Watches and Watching Time in British Romantic Comedy

By Purinton, Marjean D. | Wordsworth Circle, Spring 2008 | Go to article overview

Watches and Watching Time in British Romantic Comedy


Purinton, Marjean D., Wordsworth Circle


One of the consequences of the Industrial Revolution in Great Britain was the re-imagining of time while horology and chronometry as arts and as industry changed people's relationship to temporal activities. For the first time, labor and laborers were "on the clock," and the pace at which social and commercial activities moved significantly increased. Time became secularized, as the hours of Church-defined collective activities (tolled by cathedral bells, for example) were replaced with mechanisms held by individuals (watches) and featured in domestic parlors (mantel clocks), and thus private and public forms of time intersected in ways that destabilized social structures and patterns of behaviors. Schedules of public activities, such as train arrivals and departures, were expected to operate with precision and predictability, as individual watches and public clocks ticked in unison. According to Stuart Sherman, clocks articulate time's meanings in and for the culture that produces them (ix), and the Romantic period registered new meanings of time with particular acuity (Miller 3).

Writers of the period reflected and responded to the new kind of time as recent scholars have noted. Studying the temporal form of Wordsworth's evening poems, Christopher Miller shows how evening poetry registers increments and lapses of time (6-7). Stuart Sherman examined diurnal texts, such as Frances Burney's journal, and how they draw their power and their appeal from their engagement with new structures of time (276). John Barnard probed the temporal negotiations John Keats made between his medical training and his poetry between September, 1816, and March, 1817, noting that new patients were diagnosed in less than two minutes each at Guy's Hospital. It is in the context of this scholarship that I found it timely for this year's ICR meeting's theme of "Romantic Objects" to discuss the objects of time measurement and how these objects signaled the revaluation and organization of time in Romantic comedy, a genre in which timing is important for its verbal and visual effects.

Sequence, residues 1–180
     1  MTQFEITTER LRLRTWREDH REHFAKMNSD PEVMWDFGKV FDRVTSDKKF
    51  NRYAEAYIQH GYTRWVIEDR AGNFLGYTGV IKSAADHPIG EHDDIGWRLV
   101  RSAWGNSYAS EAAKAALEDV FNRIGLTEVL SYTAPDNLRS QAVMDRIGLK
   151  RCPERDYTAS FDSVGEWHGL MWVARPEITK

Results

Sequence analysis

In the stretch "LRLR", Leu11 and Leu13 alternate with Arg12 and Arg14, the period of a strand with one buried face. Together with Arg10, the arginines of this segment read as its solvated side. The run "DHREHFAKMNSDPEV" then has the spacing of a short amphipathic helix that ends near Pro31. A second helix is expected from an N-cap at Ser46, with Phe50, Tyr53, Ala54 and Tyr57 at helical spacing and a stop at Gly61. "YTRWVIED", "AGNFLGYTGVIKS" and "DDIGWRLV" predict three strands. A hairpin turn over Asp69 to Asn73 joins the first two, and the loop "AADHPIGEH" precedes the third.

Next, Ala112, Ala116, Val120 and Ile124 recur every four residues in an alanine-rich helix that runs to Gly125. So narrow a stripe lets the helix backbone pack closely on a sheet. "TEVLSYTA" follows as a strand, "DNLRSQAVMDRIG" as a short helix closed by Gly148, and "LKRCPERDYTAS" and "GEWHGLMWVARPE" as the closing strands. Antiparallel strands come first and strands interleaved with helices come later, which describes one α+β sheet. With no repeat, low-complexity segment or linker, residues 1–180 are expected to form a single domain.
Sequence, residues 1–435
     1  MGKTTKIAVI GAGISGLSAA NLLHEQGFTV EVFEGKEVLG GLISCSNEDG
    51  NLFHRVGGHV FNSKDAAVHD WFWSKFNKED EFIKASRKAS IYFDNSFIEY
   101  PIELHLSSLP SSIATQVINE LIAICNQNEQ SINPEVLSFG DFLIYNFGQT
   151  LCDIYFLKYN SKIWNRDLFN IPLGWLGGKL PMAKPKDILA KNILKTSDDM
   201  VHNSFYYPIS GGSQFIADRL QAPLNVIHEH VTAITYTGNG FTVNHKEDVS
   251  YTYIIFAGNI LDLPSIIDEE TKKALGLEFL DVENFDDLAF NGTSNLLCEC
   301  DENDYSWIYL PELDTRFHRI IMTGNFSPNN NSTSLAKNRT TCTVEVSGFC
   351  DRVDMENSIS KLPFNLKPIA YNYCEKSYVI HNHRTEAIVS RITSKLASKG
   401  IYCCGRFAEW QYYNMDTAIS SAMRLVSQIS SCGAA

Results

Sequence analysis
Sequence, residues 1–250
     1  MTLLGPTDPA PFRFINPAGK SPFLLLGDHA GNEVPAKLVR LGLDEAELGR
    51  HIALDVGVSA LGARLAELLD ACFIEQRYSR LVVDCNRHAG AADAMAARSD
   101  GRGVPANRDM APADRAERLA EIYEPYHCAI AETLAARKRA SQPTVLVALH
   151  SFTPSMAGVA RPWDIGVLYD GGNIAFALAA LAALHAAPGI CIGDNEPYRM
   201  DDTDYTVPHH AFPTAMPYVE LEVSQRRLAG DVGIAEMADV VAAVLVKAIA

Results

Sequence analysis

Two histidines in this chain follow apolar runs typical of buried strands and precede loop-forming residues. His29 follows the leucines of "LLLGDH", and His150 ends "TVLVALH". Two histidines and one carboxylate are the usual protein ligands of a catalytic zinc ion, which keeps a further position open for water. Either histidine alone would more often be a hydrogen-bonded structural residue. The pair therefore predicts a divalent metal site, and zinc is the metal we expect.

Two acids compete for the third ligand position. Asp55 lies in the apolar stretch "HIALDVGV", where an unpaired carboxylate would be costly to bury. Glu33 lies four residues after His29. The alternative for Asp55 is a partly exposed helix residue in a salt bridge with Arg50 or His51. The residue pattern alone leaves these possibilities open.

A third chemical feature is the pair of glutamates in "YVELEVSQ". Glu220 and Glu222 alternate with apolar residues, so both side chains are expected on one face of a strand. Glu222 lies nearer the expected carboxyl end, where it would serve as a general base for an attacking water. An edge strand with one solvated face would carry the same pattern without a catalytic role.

Eric Bruton and Alfred and Eugene Jaquet Cahpuis offer relevant watch-making information for my analysis. During the late 18th and early 19th centuries. London was the center of clock making and the watch trade, and watch-making centers included Geneva, Paris, as well as London. From 1780-1835, pedometer watches were popular as rare charming conceits. Famous for his montre perpetulle. Abraham-Louis Breguet invented in the 1780s a self-winding watch wound by a bouncing weight. While the most famous of the perpetuelle watches were the 1783 "Marie Antoinette" watch and a Breguet watch Napoleon took on his Egyptian campaign in the late 1790s, by the beginning of the 19th century, there were about 50,000 watches a year coming from Geneva workshops. Basil Charles le Roy, a master watchmaker in Paris from 1788 until 1825, supplied watches to Napoleon and other members of the Emperor's family. Watchmaker to Kings Louis XV and Louis XVI, Robert Robin invented a "free" escapement mechanism for watches in 1791. In 1794, 2,700 luxurious and decorated watches confiscated and deposited in the Record Offices of the French Revolutionary Tribunal were auctioned. Another Geneva horologist, Pierre Jaquet-Droz, the first to make exquisite singing-bird boxes and famous for his ingenious and remarkable mechanical puppets, opened a branch office in London in 1783.

But British watchmakers were innovative with timekeepers as well. In 1780, George III granted a Letters Patent to Louis Recordon for the mechanism of a self-winding watch, the first patent ever to cover an automatic remtmtoire. Recordon served as a liaison officer among Geneva, Paris, and London where firms were exporting watches and timekeepers to the Near and Far East. Another English watch-maker Thomas Mudge invented the letter escapement for the watch. He set up shop in Fleet Street, where he made the first lever watch, which was bought by George III and presented to Queen Charlotte. …

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